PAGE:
Improve Your View
The monitor you’re using right now might have come bundled with your desktop PC, or maybe you bought it back when 1,240 by 768 was considered high resolution. Since you spend a huge part of every day looking at it, however, it pays to be picky when picking the right screen. Price ranges vary widely, as do the quality of panels. We’ll walk you through the latest trends in display technology, as well as the specific features to look for when buying your next desktop monitor.
Regardless of the kind of monitor you’re in the market for, there are some general factors to consider:
Price: Monitor prices depend on the type, size, and features of the display. For around $130 to $200, you can pick up a 22-inch, no-frills model, but don’t expect niceties such as USB ports and a height-adjustable stand at this price. But these panels do use LED backlighting, require little power, and are very bright. Performance is adequate for most entertainment or basic business and productivity purposes, but not well suited to tasks where color and grayscale accuracy are key. At the other end of the spectrum are your high-end models that are geared toward graphic design professionals and photographers. These are 30- to 34-inch high-end panels that can display four times the resolution of a typical full HD (1,920-by-1,080) monitor. Moreover, they offer such features as a highly adjustable stand, USB ports, and a wealth of advanced image settings, including calibration hardware and software. Expect to pay $1,000 and up for a fully loaded, high-performance 4K or Ultra-High-Definition (UHD) monitor. Bottom line: Be prepared to pay for extras, but don’t overspend on features you will never use.
Size: Desktop monitors generally fall between 15 and 34 inches. The size of the panel is measured diagonally. While it’s always nice to have a big viewing area, it may not be practical, given desktop space constraints. Plus, the bigger the screen, the more you can expect to pay. A 24-inch monitor is a good choice if you wish to view multipage documents or watch movies, but have limited desk space. But there’s nothing like watching a movie or playing a game on a large screen, so if you have room on your desktop, a 27-inch display delivers a big-screen experience for a reasonable price. Or, if space is not an issue, consider a massive 34-inch, curved-screen model to bring a true movie-theater experience to your desktop. If you’re looking to replace a dual-monitor setup with a single display, check out one of the ultra-wide, big-screen models. They are available in sizes ranging from 29 to 38 inches with curved and non-curved panels, have a 21:9 aspect ratio, and come in a variety of resolutions, including Wide Quad High-Definition (WQHD) and Ultra High-Definition (UHD).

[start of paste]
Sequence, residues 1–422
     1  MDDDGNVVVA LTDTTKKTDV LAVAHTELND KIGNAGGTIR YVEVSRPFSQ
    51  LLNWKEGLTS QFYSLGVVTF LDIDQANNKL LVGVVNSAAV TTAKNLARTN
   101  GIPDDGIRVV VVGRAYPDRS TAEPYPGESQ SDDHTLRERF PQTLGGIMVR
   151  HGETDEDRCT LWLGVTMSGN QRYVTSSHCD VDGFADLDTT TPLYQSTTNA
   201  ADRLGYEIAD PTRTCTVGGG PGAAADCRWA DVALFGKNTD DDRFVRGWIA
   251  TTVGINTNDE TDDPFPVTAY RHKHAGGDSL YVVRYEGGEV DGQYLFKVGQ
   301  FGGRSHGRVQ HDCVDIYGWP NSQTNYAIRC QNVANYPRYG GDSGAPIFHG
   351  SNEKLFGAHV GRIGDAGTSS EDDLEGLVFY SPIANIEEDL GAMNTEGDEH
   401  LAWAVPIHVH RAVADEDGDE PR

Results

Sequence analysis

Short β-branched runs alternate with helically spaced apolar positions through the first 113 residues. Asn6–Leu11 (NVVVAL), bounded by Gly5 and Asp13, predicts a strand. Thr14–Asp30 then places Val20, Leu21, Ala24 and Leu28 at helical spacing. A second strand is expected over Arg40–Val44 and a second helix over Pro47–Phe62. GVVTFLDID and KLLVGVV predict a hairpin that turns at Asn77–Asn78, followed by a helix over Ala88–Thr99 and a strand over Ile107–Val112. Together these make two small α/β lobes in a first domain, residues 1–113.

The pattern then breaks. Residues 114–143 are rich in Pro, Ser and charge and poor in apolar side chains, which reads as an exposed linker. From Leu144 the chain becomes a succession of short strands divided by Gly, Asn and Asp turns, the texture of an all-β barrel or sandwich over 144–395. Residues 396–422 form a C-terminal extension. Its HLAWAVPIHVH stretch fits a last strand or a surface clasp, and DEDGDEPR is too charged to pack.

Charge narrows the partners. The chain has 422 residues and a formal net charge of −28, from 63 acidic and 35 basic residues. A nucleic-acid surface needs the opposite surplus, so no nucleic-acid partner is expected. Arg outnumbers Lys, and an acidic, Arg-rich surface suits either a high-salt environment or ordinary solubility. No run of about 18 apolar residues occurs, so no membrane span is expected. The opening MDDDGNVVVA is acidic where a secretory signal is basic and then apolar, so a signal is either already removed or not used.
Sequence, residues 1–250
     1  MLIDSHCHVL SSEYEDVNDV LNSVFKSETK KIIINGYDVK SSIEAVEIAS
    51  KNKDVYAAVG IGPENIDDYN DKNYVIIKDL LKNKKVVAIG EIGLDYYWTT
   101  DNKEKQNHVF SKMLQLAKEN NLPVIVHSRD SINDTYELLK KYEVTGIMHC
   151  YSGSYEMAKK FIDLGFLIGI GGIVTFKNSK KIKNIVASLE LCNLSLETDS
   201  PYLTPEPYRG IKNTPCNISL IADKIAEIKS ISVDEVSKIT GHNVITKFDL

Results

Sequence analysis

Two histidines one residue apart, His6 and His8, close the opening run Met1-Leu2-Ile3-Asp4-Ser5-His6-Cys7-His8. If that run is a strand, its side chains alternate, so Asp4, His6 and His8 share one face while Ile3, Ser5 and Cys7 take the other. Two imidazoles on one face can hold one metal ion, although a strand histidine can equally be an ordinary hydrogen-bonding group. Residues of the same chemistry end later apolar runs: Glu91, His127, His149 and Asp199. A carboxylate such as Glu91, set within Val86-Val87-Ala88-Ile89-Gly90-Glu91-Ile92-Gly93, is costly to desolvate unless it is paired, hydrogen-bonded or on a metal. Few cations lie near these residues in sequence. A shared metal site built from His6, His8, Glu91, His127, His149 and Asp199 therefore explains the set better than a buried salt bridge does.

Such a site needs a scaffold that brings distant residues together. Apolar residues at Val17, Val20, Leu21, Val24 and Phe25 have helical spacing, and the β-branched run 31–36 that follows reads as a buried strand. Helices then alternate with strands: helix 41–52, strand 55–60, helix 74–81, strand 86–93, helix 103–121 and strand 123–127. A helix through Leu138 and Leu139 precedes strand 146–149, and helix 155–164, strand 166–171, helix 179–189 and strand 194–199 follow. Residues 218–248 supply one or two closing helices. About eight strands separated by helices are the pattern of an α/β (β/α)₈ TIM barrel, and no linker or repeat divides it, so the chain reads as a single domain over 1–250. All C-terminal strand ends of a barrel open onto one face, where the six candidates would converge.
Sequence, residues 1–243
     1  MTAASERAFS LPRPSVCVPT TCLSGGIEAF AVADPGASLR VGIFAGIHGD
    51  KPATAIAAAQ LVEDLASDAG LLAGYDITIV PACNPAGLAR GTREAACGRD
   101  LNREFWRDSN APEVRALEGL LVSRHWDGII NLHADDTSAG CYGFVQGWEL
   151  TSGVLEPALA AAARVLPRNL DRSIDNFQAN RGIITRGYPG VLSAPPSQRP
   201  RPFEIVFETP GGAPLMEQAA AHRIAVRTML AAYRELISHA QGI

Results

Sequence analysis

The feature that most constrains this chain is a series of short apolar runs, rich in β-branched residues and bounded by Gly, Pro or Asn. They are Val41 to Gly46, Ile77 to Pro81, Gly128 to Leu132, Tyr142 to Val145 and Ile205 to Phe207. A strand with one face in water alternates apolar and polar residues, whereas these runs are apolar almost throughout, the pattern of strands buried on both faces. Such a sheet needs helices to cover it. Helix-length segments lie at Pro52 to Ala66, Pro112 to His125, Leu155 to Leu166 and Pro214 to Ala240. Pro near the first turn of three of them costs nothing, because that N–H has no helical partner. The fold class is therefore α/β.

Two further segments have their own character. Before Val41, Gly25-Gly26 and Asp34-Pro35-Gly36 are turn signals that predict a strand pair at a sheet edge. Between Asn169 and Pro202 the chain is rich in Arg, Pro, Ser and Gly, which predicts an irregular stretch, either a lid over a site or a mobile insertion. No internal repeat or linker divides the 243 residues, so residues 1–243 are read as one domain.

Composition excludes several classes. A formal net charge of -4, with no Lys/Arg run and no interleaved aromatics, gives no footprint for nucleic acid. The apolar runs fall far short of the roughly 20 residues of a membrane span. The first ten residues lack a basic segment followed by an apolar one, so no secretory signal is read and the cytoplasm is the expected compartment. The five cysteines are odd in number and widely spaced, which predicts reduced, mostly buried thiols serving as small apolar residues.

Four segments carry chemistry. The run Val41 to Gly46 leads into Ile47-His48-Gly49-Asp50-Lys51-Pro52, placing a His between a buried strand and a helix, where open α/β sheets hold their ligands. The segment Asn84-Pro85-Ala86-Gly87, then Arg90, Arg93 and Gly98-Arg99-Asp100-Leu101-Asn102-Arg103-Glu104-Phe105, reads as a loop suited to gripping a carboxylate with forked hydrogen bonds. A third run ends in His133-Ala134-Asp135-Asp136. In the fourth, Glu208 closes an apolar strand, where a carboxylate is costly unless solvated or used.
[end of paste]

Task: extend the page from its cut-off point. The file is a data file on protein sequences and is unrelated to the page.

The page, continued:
Pixel Response Rate: Measured in milliseconds (ms), this is the time it takes for a pixel to change from black to white (black-to-white) or to transition from one shade of gray to another (gray-to-gray). The faster the pixel response rate, the better the monitor is at displaying video without also displaying artifacts, such as ghosting or blurring of moving images. Monitors with a fast 1ms (gray-to-gray) pixel response are very good for gaming, but even monitors with a higher 6ms (gray-to-gray) pixel response can display games without much blurring or ghosting. The fact is, most users won’t notice lag, which is the time it takes for the display to react to a command, but hard-core gamers consider this a key factor when choosing a monitor and typically seek out the fastest models available. The fastest monitor we’ve seen has a lag time of 9.5ms, but you can get by with up to around 25ms before lag becomes a problem.
Resolution: This is the number of pixels a monitor can display, both horizontally and vertically. For example, a monitor with a 1,920-by-1,080 resolution can display 1,920 pixels across the width of the screen, and 1,080 pixels from top to bottom. The higher the resolution, the more information can be displayed on the screen. These days, most monitors in the 22- to 27-inch range have a resolution of 1,920 by 1,080 and are referred to as full HD monitors. There are also plenty of 24- to 27-inch displays that offer a WQHD (2,560-by-1,440) native resolution. Stepping up to a UHD or 4K (3,840-by-2,160) monitor usually means you’ll need a 28-inch or larger screen, although we have seen a few 24-inch UHD models. UHD monitors are ideal for viewing highly detailed images or viewing multiple pages in a tiled or side-by-side format.
Extra Features: If you have to share a monitor with a coworker or family members, consider a model with an ergonomic stand that lets you position the screen for your most comfortable viewing angle. A fully adjustable stand offers tilt, swivel, and height adjustments, and you can rotate the panel for Portrait-mode viewing. If you transfer lots of data back and forth between USB devices, look for a monitor with built-in USB ports. Ideally, at least two of these ports will be mounted on the side of the cabinet, making it easy to plug in thumb drives and other USB peripherals. Embedded webcams are ideal for Web conferencing, but don’t expect stellar image quality, as they typically have low resolutions.